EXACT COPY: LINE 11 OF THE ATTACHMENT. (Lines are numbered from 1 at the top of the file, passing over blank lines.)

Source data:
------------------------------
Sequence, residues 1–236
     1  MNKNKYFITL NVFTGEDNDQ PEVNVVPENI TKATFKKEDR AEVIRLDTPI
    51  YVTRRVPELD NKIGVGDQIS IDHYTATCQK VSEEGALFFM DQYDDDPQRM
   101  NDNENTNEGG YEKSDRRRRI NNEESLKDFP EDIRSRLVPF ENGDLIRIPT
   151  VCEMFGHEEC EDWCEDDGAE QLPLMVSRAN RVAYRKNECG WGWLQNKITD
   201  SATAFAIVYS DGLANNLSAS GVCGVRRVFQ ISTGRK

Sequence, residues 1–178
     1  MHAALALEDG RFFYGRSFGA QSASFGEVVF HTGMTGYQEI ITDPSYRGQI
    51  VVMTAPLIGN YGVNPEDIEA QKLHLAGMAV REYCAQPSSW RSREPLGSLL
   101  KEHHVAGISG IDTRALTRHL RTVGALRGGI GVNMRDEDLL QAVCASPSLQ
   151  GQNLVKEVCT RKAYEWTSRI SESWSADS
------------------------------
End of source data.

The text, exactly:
   151  GQNLVKEVCT RKAYEWTSRI SESWSADS